Trying to fit a more complex model - but it does take a bit of head scratching to figure out how to squeeze data structures through a funnel-like two-dimensional array. Maybe I’ll get used to it.

Are the arguments of map_rect settled, or still a discussion?


#27

It is released in a stable version…you can expect it to stay like it.

This type of packing is standard for a few functions in stan right now. Things will hopefully improve once we have Stan 3. Another interesting potential future feature is the serialization thing which @Bob_Carpenter brought up in another thread, but this is only at the early design stage at the moment.


#28

Mine was done manually - thats why I got fedup running various options, I would have to learn how to script it (or @Ole_Petter_Hansen if write one I can probably understand it and adapt as needed).

@wds15 - yes I appreciate you have big hierarchical models in mind. I’m not fully up to speed with the syntax for map_rect yet as I wasn’t sure til now that I could even figure out how to run it. I have use cases in mind for maybe 6 months from now, hence I’m trying to lay some groundwork for myself. I was also curious how it would run on a Threadripper CPU, as I have not seen anyone report using them for Stan before. They have fairly large cache compared to intel chips which might also effect how efficiently they run parallel STAN? Mine has 32MB L3 cache for example. (They just released an insane new chip also https://www.pcworld.com/article/3296378/components-processors/2nd-gen-threadripper-review-amds-32-core-cpu-is-insanely-fast.html )

Anyhow, I’m likely of limited assistance with coding models currently, but if you guys want me to run benchmark test models on my machine I’m happy to help so long as I don’t need to use the machine for something else!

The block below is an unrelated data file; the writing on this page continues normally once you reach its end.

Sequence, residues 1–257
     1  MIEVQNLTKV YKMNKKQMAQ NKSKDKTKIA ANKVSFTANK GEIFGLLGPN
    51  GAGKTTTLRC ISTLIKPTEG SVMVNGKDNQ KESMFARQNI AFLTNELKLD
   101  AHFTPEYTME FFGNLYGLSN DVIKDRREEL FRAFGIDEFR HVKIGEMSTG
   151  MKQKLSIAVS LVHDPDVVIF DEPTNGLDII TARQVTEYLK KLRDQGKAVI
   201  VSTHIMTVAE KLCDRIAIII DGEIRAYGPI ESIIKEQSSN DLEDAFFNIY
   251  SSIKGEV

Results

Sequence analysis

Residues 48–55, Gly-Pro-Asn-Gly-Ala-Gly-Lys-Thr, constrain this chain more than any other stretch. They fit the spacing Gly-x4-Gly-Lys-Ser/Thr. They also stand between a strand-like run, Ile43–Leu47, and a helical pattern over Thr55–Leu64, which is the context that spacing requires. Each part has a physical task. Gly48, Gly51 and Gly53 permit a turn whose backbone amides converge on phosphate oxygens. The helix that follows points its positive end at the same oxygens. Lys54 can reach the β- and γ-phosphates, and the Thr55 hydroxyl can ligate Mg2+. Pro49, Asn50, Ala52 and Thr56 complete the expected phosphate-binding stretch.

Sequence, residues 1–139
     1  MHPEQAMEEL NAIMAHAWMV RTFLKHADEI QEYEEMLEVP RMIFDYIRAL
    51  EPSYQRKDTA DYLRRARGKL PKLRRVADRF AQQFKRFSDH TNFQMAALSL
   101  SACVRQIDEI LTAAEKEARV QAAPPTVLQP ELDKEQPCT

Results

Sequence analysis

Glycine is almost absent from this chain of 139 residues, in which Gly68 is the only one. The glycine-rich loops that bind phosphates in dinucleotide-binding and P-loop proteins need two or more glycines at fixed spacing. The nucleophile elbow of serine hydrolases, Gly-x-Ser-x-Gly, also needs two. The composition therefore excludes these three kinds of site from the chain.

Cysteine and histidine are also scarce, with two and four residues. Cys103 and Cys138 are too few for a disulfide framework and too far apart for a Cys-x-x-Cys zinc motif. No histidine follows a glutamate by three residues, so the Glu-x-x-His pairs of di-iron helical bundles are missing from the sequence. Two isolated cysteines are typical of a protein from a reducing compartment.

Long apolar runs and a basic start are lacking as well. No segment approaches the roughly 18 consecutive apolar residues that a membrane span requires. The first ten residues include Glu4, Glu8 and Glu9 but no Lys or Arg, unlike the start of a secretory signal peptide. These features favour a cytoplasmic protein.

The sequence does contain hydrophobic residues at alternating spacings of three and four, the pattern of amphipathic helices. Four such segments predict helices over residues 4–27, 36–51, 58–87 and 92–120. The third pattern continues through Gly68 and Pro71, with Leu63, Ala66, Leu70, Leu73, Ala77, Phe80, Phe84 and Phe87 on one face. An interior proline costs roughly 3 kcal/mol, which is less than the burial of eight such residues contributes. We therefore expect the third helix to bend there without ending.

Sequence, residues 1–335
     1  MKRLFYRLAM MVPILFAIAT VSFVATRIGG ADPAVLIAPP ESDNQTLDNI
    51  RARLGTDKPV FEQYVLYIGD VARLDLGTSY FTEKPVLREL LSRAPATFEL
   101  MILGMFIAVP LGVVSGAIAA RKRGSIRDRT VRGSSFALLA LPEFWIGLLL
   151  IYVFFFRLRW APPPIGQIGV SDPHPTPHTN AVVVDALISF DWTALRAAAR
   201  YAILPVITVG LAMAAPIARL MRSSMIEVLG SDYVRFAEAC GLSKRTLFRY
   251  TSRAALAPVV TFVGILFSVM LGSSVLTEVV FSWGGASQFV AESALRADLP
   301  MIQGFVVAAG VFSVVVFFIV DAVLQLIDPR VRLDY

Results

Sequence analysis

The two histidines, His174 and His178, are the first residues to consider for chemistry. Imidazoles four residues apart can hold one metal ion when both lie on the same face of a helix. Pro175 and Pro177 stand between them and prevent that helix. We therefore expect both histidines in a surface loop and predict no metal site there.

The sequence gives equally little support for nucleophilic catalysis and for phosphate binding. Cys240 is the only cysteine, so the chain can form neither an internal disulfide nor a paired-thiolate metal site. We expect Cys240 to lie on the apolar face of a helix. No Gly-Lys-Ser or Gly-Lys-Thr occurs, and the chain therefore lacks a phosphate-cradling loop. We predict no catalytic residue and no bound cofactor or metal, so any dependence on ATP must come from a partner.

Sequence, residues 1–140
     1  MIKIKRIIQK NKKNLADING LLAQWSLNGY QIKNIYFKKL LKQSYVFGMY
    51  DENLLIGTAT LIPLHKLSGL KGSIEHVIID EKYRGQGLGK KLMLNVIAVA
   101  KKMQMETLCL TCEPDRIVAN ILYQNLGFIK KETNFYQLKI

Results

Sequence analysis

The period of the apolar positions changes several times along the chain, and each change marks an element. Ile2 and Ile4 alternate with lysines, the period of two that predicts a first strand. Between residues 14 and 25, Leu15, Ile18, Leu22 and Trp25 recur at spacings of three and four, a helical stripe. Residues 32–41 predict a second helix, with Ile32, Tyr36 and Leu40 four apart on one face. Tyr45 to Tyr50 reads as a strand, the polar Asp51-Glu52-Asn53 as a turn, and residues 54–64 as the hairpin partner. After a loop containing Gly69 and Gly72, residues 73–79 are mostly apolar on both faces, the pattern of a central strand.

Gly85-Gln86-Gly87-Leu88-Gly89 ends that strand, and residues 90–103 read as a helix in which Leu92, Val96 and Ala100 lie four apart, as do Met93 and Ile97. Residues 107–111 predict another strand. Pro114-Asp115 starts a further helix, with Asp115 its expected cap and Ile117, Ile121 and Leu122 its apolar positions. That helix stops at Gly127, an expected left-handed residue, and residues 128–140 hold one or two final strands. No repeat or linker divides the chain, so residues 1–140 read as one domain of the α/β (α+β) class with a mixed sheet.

Edit - I’ll have a go at installing MPI in the coming week.


#29

Allright, here are some files for doing a benchmark.

1: All the attached files need to be in the same folder.
2: make linreg and reg_par (standard cmdstan-stuff)
3: make sure you have dplyr, magrittr, stargazer and rstan as available libraries in R.
4: run start_benchmark (had to give it a txt-extenstion to be allowed to upload it…you may remove it). You may need to issue chmod +x start_benchmark first.

Program will then loop over orders 2,3,4 and 5, with shards 1, 2, 4, 5 and 10 as well as a plain linear model. When it is done it runs the post.r -script, that reads in times and saves a file “results.html”. Note: If you change stuff in the gen_dat-file, (especially orders and shards), you may need to update the loops in start_benchmark).

start_benchmark.txt (681 Bytes)
gen_dat.r (378 Bytes)
post.r (383 Bytes)
linreg.stan (239 Bytes)
reg_par.stan (986 Bytes)

This my first Ubuntu script. Please let me know if something should be improved.


#30

On second thought, you might want to use the attached script instead. It scales down the number of iterations when N increases. Otherwise it will take forever with the larger datasets (might even be more iterations than what is needed for a relative measurement here…)
start_benchmark2.txt (739 Bytes)


#31

Got an ordinal probit up and running.

ord.stan (382 Bytes)
ord_par.stan (1.2 KB)

If anyone has better ideas for looping through individuals than this in the map_rect-function I’m all ears.

functions {
  vector o_prob(vector beta_c, vector theta,
                real[] xs, int[] xi) {
	int J = xi[1];
	int K = xi[2];			
	int D = xi[3];	
	real lp=0;
        vector[D] beta = beta_c[1:D];
	vector[K-1] c = beta_c[(1+D):(D+K-1)];
	vector[K] mu;
	for (n in 1:J){
          real eta=0;
          for(kk in 1:D)